At a time when competing companies offer similar products and have access to the same technologies analytical customer-facing processes are some of the only areas where businesses can differentiate themselves. “Analytical competitors” mine their data for every sliver of information it offers and then utilize that information in strategic ways. Firms like Harrah’s, Marriott  and Google that use analytical tools in a strategic manner are raising the bar in their industries when it comes to things like customer service, supply chain management and marketing.

* * * * *

Companies are taking their metrics—marketing metrics, sales metrics and service metrics—and using them, among other things, to segment, cross-sell, forecast, target and study drivers of satisfaction. Rather than looking at what happened, companies are able to predict more precisely what will happen and to better understand how and why it happened. Decisions are based on facts, not hunches or incomplete information.

Historically there’s been as much “art” in advertising and marketing as there has been “science.” Davenport argues that science is more likely to be correct than “art,” and adds that science enables a company to experiment on a small scale before committing a slew of resources to a huge marketing campaign or program.

* * * * *

Example: Harrah’s

In order to attract and retain customers, Harrah’s uses analytical tools not only to identify profitable customers, but to pinpoint its customers most likely to be wooed by competitors. Through well-designed marketing campaigns—created around information the analytical tools delivered—Harrah’s marketing methods can be strategically aimed at keeping those customers.

Analytical tools allowed the entertainment company to create a well-defined profile of its best customer, developing a beefed-up customer relationship management system anchored by a centralized data warehouse filled with pertinent information about how Harrah’s customers interact with the company. And given this information, Harrah’s marketing efforts are tailored to attract its different constituencies.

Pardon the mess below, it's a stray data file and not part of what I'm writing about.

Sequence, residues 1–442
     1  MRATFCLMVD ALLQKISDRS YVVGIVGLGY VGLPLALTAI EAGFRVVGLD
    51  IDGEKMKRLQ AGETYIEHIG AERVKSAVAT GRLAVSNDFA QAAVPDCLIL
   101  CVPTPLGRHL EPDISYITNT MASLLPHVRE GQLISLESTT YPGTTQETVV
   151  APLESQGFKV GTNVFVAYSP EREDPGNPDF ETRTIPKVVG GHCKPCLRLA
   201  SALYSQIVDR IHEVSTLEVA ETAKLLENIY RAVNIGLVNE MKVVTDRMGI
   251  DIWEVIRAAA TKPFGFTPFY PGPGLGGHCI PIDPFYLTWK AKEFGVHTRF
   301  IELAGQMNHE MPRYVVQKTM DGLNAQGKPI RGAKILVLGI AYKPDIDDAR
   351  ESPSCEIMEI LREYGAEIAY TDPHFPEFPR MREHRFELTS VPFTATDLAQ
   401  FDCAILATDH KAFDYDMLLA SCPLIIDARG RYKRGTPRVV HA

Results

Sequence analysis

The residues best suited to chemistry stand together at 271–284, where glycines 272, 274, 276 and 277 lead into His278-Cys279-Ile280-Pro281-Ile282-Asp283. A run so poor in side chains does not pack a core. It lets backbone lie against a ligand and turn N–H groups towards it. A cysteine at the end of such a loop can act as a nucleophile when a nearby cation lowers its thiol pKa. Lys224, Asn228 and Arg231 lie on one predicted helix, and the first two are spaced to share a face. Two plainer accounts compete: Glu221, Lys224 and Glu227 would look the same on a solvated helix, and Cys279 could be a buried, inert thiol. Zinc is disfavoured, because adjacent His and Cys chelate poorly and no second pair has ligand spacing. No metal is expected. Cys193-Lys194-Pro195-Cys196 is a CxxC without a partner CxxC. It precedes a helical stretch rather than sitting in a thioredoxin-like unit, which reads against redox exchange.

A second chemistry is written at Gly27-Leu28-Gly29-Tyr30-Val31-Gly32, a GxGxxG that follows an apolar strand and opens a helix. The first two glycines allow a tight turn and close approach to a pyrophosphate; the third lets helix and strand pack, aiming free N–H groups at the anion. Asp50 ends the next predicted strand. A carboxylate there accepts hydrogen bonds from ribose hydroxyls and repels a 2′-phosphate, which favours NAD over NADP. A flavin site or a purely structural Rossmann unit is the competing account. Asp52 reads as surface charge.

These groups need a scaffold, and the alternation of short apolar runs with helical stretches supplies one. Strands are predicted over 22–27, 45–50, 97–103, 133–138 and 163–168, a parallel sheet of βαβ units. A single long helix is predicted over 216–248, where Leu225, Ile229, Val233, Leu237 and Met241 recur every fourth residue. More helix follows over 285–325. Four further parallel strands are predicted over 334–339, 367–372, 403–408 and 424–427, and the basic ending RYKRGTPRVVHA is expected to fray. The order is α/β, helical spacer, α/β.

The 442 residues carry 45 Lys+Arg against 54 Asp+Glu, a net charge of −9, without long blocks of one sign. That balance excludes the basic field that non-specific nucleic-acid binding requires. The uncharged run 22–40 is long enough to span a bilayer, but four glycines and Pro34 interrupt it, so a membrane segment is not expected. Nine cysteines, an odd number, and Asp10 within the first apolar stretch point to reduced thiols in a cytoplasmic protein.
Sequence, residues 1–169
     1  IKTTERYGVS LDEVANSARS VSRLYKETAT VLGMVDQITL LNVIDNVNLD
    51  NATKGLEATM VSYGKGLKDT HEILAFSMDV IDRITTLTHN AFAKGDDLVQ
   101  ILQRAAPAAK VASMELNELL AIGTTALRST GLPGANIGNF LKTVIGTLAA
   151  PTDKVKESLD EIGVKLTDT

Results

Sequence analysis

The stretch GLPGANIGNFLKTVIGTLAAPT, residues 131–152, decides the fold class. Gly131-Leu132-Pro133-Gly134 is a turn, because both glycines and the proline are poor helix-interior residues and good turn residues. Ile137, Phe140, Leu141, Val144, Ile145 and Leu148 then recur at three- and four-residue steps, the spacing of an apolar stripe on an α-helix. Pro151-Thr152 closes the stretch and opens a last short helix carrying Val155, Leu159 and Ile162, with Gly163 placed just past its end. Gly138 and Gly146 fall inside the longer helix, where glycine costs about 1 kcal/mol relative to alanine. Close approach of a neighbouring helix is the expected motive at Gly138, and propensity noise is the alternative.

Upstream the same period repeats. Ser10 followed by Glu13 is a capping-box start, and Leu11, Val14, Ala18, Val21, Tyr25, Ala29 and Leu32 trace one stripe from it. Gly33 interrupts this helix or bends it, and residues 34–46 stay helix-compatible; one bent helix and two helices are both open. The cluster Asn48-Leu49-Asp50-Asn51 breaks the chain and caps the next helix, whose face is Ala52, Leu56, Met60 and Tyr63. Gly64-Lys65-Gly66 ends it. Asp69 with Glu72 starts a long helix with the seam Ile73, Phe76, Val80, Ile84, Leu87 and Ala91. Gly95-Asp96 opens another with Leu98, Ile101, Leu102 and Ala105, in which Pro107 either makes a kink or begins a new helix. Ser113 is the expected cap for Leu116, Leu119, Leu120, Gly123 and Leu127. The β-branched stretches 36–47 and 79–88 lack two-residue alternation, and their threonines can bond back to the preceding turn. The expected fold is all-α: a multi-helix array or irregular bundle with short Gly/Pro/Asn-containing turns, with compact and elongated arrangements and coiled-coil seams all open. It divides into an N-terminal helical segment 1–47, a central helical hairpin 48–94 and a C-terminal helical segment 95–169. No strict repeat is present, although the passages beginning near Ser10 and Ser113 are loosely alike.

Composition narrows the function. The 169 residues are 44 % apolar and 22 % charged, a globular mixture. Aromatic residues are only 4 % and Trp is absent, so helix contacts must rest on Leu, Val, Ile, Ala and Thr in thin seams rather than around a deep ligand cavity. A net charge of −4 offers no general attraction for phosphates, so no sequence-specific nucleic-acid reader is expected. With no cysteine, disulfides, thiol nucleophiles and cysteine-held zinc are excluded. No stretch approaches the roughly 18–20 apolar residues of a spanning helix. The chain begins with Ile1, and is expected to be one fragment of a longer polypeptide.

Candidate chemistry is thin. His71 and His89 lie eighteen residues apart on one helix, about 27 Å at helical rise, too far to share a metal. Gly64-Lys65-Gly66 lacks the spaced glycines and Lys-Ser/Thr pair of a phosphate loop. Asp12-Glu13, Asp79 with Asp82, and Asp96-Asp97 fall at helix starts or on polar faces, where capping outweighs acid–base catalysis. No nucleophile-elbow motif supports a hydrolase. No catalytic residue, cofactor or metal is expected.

For instance, Harrah’s customers who live within driving distance of a casino receive different offers than those who do not. Frequent visitors to the casino in New Orleans are likely to receive different offers than frequent customers in Las Vegas or St. Louis. Harrah’s only targets customers likely to respond to such offers and it has more than 80 different segments for each marketing campaign.

One of the reasons Harrah’s has been so successful, notes Davenport, is because they focused on “one thing early” when it came to analytics. In Harrah’s case that “one thing” was customer loyalty. “In terms of marketing, companies need to think about target areas and about what they’re trying to accomplish,” adds Davenport. According to information available on Harrah’s website, nearly 50 percent of the company’s revenue is driven by marketing and the company’s analytical efforts have helped boost the company’s bottom line.

* * * * *

In studying companies that use analytics successfully, Davenport crafted what he calls “The Ladder of Analytical Marketing Targets”—essentially a best practice guide. First up, build a centralized customer database so that the company can get a comprehensive idea about its customers. The company can then treat “different customers differently” and respond appropriately to a customer’s activity. Companies can keep track of who got what and better manage their marketing campaigns—to the point of personalizing them. Via predictive modeling, companies can answer with much more certainty what customers are likely to do next given what they’ve already done. As a result, companies can make real time, customized offers that make sense to their customers.

Edit by DAF

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Full article:
http://knowledge.emory.edu/article.cfm?articleid=1193#